“God, protect my family. God almighty, for the love of God protect my family.”

I don’t breathe. I’m locked on the road. I enter my neighborhood doing 50 plus. When I see him, it’s too late. Charlie – wearing the red-shirt, playing with chalk.

Now he’s drawing in middle of my street.

I press the brake pedal down, but I’m way too late. I rip back the parking brake – fumes from burnt rubber swarm my pick-up. I’ve veered right, straight for my neighbor’s oak tree. Charlie flees blind – and heads the same direction.

“No!”

I punch my horn and hold it down.

He watches me barrel toward him like a dumbfounded deer.

I crash.

Airbag deploys. Everything’s hazy. Blood and glass are everywhere.

Oak tree splits the front end of my truck. I wobble outside, then search my surroundings.

“Charlie? Charlie, are you okay?”

I’m dizzy; my brain is still bouncing. I don’t see his body anywhere. Then I hear crying. I turn to see –

“Oh my God.”

Hand to my chest. The kid dove into some bushes. If it weren’t for the tree, my Dodge pick-up would have obliterated him. He’s got a few twigs and thorns in his arms, but that’s it.

Charlie screams and goes running inside. I don’t blame him.

Tires screech. I turn around – the white van. It just turned onto my street. I see one roided-out driver, but his comrade from the passenger seat is gone.

“Loretta!” I scream. I pump my arms and race home. “Loretta!”

I reach my driveway. The van skids behind me and stops with a loud ‘bang’ against my garage door. I fly up the front porch and turn the door handle.

“Loret-”

Shotgun clicks from the monster holding it the second I shove the door open. He smiles, then stabs my neck with a syringe. A shooting pain enters my neck as I crumble to the floor. The injection comes from the man I saw in the passenger seat of the van – one with the cleft lip. He’s been standing here, waiting for me.

I’m too late.

I slip out of consciousness.

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  • Thomas M. Watt

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Master – 5.2

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Something’s wrong. I feel it in my gut. I reach out to my phone to text Loretta, but stop when I notice the motorcycle cop in my driver-side mirror.

“Dammit.”

I’d flip a U-turn right here, but it’s a double yellow. I decide to turn into a neighborhood street on my right and lose the tail. He follows me. Three turns later, he’s still on my ass.

“You win,” I say, then sigh.

I pull over, turn the engine off, and dial my wife. It rings, and rings, and rings.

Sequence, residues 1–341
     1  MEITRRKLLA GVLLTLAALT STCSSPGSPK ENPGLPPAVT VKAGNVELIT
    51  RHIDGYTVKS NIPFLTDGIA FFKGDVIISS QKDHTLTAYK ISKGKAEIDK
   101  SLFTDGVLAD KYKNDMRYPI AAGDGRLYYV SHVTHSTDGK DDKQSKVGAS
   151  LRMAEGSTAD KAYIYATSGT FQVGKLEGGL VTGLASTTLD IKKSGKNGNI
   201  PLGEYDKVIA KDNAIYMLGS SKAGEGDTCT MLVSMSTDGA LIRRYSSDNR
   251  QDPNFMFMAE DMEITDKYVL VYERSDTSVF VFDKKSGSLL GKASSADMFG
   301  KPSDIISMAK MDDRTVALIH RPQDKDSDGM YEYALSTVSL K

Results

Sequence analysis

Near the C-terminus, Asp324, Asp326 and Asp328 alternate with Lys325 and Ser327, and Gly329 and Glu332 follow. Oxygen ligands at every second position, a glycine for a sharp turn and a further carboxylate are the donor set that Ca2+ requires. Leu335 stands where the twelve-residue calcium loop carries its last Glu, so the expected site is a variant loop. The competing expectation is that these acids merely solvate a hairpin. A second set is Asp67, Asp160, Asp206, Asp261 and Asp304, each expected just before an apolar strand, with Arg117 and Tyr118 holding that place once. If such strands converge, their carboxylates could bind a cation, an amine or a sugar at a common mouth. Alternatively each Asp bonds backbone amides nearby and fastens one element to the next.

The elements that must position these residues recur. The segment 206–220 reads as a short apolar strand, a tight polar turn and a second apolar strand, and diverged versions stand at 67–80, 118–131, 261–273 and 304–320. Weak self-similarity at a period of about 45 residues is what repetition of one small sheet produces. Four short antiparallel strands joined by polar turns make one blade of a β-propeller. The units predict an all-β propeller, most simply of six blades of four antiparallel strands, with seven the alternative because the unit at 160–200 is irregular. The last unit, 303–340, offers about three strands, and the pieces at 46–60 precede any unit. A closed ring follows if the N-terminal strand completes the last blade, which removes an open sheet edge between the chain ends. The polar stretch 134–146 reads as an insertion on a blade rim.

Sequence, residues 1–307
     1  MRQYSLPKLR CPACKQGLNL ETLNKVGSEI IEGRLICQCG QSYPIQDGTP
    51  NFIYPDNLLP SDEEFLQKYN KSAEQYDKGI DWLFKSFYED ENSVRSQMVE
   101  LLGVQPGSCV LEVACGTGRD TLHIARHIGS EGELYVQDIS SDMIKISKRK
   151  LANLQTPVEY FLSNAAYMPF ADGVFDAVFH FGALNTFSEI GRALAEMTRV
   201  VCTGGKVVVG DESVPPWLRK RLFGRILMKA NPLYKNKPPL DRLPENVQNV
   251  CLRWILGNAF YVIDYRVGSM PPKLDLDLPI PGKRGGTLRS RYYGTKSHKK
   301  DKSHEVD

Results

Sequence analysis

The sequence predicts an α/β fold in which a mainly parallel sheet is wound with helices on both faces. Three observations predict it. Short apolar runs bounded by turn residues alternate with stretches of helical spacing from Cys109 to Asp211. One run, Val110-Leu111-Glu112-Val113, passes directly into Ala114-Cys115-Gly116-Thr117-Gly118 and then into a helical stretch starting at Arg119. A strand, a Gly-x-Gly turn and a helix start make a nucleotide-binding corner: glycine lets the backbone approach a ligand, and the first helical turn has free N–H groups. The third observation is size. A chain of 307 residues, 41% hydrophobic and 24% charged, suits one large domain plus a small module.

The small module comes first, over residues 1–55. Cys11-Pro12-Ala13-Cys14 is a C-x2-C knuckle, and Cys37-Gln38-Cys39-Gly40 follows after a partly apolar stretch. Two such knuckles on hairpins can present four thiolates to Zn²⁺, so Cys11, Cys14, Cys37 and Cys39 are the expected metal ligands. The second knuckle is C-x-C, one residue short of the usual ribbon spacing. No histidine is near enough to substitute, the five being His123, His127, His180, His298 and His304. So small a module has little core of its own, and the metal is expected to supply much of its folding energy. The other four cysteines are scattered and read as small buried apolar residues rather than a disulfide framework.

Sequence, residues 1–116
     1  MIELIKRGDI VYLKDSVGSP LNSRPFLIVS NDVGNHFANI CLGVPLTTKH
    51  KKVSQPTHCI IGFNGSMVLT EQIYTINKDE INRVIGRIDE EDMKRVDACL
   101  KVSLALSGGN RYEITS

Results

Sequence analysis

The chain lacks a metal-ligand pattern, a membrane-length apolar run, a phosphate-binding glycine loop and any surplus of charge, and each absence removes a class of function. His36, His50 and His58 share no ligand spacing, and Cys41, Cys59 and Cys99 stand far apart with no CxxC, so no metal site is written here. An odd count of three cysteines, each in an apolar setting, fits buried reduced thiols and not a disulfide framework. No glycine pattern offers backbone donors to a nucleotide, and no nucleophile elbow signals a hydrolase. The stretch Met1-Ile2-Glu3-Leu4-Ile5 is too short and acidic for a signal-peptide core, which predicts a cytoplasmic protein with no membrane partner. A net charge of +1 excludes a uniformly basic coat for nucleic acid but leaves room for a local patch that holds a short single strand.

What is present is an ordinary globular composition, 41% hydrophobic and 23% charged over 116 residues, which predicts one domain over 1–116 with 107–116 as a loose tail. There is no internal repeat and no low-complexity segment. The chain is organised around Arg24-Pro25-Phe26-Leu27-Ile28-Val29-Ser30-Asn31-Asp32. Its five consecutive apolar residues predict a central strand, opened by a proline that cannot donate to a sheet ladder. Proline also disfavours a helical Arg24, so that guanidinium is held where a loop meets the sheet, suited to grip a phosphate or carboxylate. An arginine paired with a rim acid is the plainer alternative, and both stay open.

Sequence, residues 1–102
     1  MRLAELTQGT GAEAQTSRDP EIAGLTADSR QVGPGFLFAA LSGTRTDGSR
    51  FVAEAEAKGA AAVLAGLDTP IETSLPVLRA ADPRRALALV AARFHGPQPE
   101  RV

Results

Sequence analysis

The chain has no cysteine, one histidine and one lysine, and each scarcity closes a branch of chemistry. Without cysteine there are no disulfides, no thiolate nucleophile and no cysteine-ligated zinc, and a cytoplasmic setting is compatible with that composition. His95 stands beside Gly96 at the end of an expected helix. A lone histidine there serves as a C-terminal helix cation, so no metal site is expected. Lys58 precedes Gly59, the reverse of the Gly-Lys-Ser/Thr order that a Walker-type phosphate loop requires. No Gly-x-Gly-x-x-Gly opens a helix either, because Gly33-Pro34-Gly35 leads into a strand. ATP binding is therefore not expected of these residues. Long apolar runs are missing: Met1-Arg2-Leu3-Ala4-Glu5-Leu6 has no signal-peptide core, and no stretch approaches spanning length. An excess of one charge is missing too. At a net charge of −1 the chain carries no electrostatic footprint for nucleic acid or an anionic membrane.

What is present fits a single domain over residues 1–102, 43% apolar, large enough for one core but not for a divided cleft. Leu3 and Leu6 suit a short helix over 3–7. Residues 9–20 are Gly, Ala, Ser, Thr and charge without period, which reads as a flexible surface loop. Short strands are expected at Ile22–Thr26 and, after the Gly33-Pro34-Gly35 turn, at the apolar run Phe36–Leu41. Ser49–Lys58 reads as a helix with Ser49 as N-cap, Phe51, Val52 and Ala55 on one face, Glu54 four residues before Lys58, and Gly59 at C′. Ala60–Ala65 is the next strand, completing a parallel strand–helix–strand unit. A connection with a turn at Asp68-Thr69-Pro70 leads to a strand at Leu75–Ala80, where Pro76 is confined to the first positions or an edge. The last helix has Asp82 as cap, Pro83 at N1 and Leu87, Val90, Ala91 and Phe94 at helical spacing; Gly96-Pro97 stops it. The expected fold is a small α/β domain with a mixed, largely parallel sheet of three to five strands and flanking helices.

“C’mon.”

Loretta picks up.

“What’s up, baby?”

“I know how bizarre this sounds, but I want you to take Avery and go to your mother’s house for the day.”

“Are you serious? You’re really starting to scare me baby!”

I pull the phone from my face and think to myself. Then I see the cop again – drive by on the road ahead. He stops the bike, whips out a pair of binoculars, then stares at me.

“What the hell…” I mutter.

“Talk to me, baby! Tell me what’s going on! You’ve been acting really strange lately.”

I return the phone to my ear. “Nothing… Just do it for me, ok?”

“Hold on.”

“What’s up?”

“Someone’s at the door. Is the pipe-guy coming today?”

“Babe, I want you to get out of there!”

A loud BOOM. Phone call ends. I dial again. The phone rings, and rings, and rings. Nobody picks up.

I start the truck, turn around and accelerate. A police siren sounds off behind me; I’m being pulled over.

“Dammit!” I pull the car over, then slam my hands against the steering wheel.

I don’t know what I’m being pulled over for, and have no idea why this cop has it out for me. He takes his time parking his bike, and walks slow as hell over to me. I grab my license and registration, roll my window down, and smack my documents against the outside of my door as he takes his sweet-ass time strolling over to me.

“Write me up, I need to get home.”

I toss the documents at the officer.

Rather than mouth a word of protest, rather than so much as bother with a rebuttal, the officer merely nods, and picks the documents up after he fumbles them. He’s nervous; sweating even. Guy looks like he’s ready to cry.

“You alright?” I ask.

He nods. “Huh? Oh, yeah.”

I’m angry and frustrated – yet I can’t help but worry for this officer. Why is he acting like this? Are criminals more courteous these days?

The cop travels back to his bike like he lost a war.

I scoff, then try Loretta again – no answer. I text her.

U ok?

I wait. Two minutes, but it feels like twenty.

Yes 🙂   

I’m not exactly at ease – Loretta says smiley face text messages are for pedophiles. I call her again – still no answer. Another three calls, then I text her.

“Everything alright??”

I wait another four minutes. No response this time. I squint and check out my rearview mirror. The officer is crying and staring at his gun.

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  • Thomas M. Watt